Imagine this,” the article in BZ Berlin challenges you, “someone who is a guest in your house insults your family. He attacks your wife. You’d throw him out, no doubt about it. Because that is your right.” The implied question: why doesn’t the same happen with asylum seekers who rampage through the streets of Berlin?

One typical example. Tuesday night, almost 23:00 on the Berlin Underground, line 7. While on the train, five men rampage, kicking the benches and doors, accosting the other travellers. “They were very aggressive” one of the witnesses later declared. When the men leave the carriage at their stop, the emergency number is called. Policemen of Division 25 respond immediately. Another witness observes the group, still “loud and aggressive,” leaving the Underground station. One of them then jumps on the road and “with full force” kicks a woman riding her bike. The woman falls to the ground, suffering bruises and grazing wounds.

The perpetrators could later be arrested at a refugee home. All of them are from Afghanistan, between 19 and 22 years old, and have requested asylum in Germany. All of them are well known to the police, mostly for so-called ‘brutality-offenses’ such as robbery, personal injury cases and abuse. Yet, on this night, as on the other nights, they were all let go. Nobody was arrested.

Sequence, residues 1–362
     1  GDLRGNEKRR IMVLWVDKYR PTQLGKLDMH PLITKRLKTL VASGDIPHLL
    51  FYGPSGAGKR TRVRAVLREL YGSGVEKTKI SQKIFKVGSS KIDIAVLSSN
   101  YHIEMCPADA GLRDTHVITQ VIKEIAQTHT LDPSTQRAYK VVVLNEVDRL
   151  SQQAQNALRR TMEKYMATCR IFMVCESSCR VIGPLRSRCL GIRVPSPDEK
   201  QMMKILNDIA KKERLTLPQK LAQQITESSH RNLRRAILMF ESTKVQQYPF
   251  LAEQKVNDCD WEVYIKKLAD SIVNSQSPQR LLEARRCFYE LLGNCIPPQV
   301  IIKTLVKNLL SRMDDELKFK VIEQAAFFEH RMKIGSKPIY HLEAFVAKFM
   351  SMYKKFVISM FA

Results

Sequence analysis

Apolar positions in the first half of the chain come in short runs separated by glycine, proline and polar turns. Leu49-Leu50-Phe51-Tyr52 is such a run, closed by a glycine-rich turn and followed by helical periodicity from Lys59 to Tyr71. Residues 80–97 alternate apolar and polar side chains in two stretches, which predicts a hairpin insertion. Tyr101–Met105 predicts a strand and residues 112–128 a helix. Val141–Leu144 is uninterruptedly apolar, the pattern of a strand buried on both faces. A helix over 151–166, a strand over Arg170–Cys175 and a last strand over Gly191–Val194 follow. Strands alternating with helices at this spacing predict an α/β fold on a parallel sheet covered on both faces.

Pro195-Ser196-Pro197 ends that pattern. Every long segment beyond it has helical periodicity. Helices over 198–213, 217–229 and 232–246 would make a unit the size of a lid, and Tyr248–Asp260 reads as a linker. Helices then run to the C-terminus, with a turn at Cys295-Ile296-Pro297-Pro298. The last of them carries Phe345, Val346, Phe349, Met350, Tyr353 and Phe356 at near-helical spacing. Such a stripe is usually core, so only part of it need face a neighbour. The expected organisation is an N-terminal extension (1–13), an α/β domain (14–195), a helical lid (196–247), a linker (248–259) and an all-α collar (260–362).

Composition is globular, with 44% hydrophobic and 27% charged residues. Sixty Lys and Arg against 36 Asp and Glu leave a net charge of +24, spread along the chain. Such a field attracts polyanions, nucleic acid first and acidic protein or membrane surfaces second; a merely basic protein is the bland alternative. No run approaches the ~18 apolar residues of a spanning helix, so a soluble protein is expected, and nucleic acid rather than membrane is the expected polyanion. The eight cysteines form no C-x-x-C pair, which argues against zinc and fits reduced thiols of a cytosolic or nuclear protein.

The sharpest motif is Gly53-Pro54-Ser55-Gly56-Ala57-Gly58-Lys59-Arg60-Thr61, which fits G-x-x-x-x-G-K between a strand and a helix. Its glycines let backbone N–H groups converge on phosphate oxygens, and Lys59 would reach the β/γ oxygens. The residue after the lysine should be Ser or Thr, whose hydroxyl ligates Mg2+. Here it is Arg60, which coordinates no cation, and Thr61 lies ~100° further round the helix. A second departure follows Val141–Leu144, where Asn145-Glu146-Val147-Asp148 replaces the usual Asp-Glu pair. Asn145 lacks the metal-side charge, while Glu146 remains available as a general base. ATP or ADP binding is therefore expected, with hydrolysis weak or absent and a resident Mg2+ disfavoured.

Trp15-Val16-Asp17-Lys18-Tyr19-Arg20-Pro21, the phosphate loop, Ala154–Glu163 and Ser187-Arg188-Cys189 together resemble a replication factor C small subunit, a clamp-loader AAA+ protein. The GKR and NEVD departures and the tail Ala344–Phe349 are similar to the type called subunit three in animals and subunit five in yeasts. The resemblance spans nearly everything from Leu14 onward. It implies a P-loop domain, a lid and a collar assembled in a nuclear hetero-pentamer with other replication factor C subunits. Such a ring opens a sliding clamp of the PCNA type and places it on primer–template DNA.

According to the police, this is now a weekly occurrence in Berlin:

We confront them every week, and every week we have to let them go, that’s frustrating.

No wonder then, that there is a dramatic increase in ‘brutality-offenses’ (+83.5%), with a +92.4% for severe and dangerous bodily harm, with theft rising with 11.6% and forgeries by 22.3%. Out of a total of 135.886 suspects, 9641 were ‘refugees’ or asylum seekers, up 2834 from 2015. Their excuse? As Mozafar Y., one of the five Underground hoodlums, says “we’d been drinking.”

Meanwhile, the politicians talk, saying the same things they’ve said before.